Bomas of Kenya
When Barrack Obama Sr. conceived and planned the establishment of Bomas of Kenya in 1971 to showcase Kenya’s traditional homesteads, he probably never envisioned it’s evolution into a meeting point of the past and present. By day, cultural traditional entertainers perform songs and dances from the distant forgotten past, while by night, it is a leading venue for musical concerts performed by celebrated International Artistes to Nairobi’s urbane, sophisticated, cultured music lovers with a taste for modern genres of music.
The main attraction at the Bomas of Kenya is replicas of Kenyan homesteads from twenty-three of the country’s ethnic groups. To the casual visitor, the ubiquitous round shape of huts in the various communities’ homesteads may seem monotonous. A keen observer however will notice the unique organisation of homesteads from different communities based on the social structures and relationships in each ethnic group. For instance, where polygamy was practiced, hierarchy in the family can be observed in the homestead plan. The distribution and size of granaries by family members also sheds light on the responsibilities each family member had in the economic wellbeing of the family. Dissimilarities in the building materials, artistry, and internal partitioning of huts from different communities are also evident, giving clues to the environments, living conditions and lifestyles of each community, and the challenges their dwellings were designed to address.
Complementing the Kenyan homesteads exhibit are traditional dances performed daily in an Auditorium built in the shape of a traditional African hut. Dancing troupes from all 42 ethnic communities in Kenya showcase the country’s cultural diversity and it’s expression through song and dance. The quality of these colourful energetic performances at the Bomas of Kenya rivals those performed at Five Star Hotels in Kenya. Without a doubt, this is the high point for most people’s visit to this facility.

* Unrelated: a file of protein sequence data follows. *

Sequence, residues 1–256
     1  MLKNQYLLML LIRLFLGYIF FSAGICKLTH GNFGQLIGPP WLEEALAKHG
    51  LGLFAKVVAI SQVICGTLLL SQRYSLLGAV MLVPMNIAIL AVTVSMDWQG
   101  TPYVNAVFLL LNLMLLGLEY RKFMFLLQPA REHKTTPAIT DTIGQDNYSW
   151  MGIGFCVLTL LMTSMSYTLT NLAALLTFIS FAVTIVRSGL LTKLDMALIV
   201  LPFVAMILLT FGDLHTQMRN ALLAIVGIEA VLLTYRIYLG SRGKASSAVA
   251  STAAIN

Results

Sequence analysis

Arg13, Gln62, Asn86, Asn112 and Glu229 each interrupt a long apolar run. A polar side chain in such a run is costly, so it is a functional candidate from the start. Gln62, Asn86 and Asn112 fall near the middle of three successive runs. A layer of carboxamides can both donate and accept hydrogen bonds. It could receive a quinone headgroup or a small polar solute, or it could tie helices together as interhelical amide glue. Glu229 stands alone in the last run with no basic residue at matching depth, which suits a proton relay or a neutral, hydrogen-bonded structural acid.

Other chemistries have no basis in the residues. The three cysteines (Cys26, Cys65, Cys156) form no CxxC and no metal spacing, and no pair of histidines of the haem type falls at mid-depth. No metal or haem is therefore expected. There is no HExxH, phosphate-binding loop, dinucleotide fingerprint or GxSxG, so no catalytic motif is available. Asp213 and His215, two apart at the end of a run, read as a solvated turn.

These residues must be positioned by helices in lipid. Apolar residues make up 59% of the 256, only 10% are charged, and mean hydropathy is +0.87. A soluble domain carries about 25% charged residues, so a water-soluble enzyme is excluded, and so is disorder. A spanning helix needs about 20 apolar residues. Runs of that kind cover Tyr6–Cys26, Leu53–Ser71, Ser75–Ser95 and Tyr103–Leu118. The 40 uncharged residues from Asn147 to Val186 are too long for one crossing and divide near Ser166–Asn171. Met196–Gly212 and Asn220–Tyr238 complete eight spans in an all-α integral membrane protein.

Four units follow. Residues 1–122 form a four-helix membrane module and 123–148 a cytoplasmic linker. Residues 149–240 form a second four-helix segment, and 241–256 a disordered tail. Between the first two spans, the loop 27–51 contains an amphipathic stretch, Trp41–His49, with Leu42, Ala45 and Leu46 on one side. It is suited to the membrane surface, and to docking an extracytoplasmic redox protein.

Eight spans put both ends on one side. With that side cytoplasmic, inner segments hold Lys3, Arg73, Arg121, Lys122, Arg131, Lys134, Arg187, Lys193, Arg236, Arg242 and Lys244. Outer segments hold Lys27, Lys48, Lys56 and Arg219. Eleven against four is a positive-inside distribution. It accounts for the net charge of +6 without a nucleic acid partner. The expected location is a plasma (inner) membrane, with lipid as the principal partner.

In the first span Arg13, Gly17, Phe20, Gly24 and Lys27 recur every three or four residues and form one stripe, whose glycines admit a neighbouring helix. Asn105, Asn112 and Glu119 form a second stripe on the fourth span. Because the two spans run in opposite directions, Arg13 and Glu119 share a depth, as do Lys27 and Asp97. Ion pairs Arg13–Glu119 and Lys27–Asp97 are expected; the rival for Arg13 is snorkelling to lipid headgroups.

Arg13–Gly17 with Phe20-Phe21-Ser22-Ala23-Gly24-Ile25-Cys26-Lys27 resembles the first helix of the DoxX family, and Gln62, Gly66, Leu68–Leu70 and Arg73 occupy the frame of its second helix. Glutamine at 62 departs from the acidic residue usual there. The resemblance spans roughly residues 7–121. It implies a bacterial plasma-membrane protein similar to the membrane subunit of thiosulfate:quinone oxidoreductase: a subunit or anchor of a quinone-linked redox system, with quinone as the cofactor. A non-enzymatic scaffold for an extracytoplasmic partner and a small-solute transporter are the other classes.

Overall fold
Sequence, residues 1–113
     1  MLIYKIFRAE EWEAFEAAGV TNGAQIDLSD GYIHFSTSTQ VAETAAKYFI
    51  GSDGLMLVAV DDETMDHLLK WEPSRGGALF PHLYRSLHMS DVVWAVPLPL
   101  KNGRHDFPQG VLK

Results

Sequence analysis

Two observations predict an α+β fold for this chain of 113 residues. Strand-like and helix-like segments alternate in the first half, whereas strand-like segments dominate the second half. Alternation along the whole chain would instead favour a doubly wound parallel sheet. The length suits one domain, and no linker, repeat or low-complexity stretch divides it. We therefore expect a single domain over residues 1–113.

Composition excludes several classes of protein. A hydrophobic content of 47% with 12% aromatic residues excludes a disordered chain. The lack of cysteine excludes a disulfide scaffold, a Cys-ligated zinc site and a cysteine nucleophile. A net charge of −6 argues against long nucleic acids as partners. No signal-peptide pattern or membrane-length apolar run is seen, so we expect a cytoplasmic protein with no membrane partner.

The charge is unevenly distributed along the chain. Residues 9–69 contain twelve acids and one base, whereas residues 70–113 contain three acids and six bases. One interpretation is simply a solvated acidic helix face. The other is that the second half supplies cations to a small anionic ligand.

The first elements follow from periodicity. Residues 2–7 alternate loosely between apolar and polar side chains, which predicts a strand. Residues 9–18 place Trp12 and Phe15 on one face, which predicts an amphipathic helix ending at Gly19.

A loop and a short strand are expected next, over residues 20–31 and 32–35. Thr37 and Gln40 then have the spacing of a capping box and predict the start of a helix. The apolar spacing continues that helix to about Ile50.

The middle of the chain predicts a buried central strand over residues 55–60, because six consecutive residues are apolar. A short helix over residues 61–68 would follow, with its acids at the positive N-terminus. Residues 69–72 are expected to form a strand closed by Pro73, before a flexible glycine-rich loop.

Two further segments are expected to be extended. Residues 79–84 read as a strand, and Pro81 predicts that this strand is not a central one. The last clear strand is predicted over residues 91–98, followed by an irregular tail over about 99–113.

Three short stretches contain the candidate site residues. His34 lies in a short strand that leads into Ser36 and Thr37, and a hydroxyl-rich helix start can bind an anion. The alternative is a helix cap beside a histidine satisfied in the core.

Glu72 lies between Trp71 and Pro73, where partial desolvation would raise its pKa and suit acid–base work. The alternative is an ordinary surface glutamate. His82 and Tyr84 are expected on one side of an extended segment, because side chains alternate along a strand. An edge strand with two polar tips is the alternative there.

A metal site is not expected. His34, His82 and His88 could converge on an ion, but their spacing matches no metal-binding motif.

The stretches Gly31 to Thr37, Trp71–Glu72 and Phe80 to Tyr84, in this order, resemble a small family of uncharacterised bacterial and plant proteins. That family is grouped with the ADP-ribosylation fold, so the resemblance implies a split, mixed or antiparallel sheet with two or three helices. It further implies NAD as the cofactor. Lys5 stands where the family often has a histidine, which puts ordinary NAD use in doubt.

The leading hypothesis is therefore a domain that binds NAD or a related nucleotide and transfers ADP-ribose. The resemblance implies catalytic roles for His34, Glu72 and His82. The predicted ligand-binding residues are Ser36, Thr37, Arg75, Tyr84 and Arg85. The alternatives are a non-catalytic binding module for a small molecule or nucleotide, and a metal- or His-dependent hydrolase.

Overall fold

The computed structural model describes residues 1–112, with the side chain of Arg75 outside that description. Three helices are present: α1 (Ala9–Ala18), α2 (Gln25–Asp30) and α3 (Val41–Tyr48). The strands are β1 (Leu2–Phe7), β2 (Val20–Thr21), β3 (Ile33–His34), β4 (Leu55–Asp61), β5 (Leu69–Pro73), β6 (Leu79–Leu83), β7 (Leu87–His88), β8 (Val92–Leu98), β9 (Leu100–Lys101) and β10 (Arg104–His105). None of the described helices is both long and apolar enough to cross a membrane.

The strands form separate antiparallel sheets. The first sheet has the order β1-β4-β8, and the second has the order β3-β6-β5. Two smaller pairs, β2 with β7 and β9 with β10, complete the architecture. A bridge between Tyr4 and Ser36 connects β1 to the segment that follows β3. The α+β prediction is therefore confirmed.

The simple exterior appearance of the Auditorium belies an interior outfitted with a state-of-the-art sound system, spectacular stage lighting, multiple large display screens mounted high up the walls, and an amphitheater seating arrangement for 2,500 around a full stage. A recent glamorous, ritzy concert by Salif Keita at this venue was such a huge runaway success; it had those attending the show on their feet most of the time, completely under the spell of the great man, his music, and the absolutely stunning light show accompanying it!
Utamaduni Restaurant, the third cornerstone of Bomas of Kenya’s cultural expose teases visitors’ palates with traditional cuisines and delicacies from around Kenya. Most of the dishes on offer are representative of Kenyans’ current eating choices, some of which are fairly recent additions to local cultures, for instance the universally popular Ugali. Nevertheless, they are all an authentic taste of Kenya’s culture, past and present.
Traditional Kenyan Homesteads
Weekends and Public Holidays- 10:00AM to 6:00PM
Monday to Friday -2:30pm to 4:00pm
Weekends and Public Holidays 3:30pm to 5:15pm
If using public means, board Matatu number 24 for Karen or Matatu number 126/127 for Kiserian and alight at the Magadi Road junction along Langata Road. The Entrance Gate is a short 200m walk to the left.
If driving, Bomas of Kenya is about 10km from the City Centre on Langata Rd, to the left side when you get to the Magadi Road junction.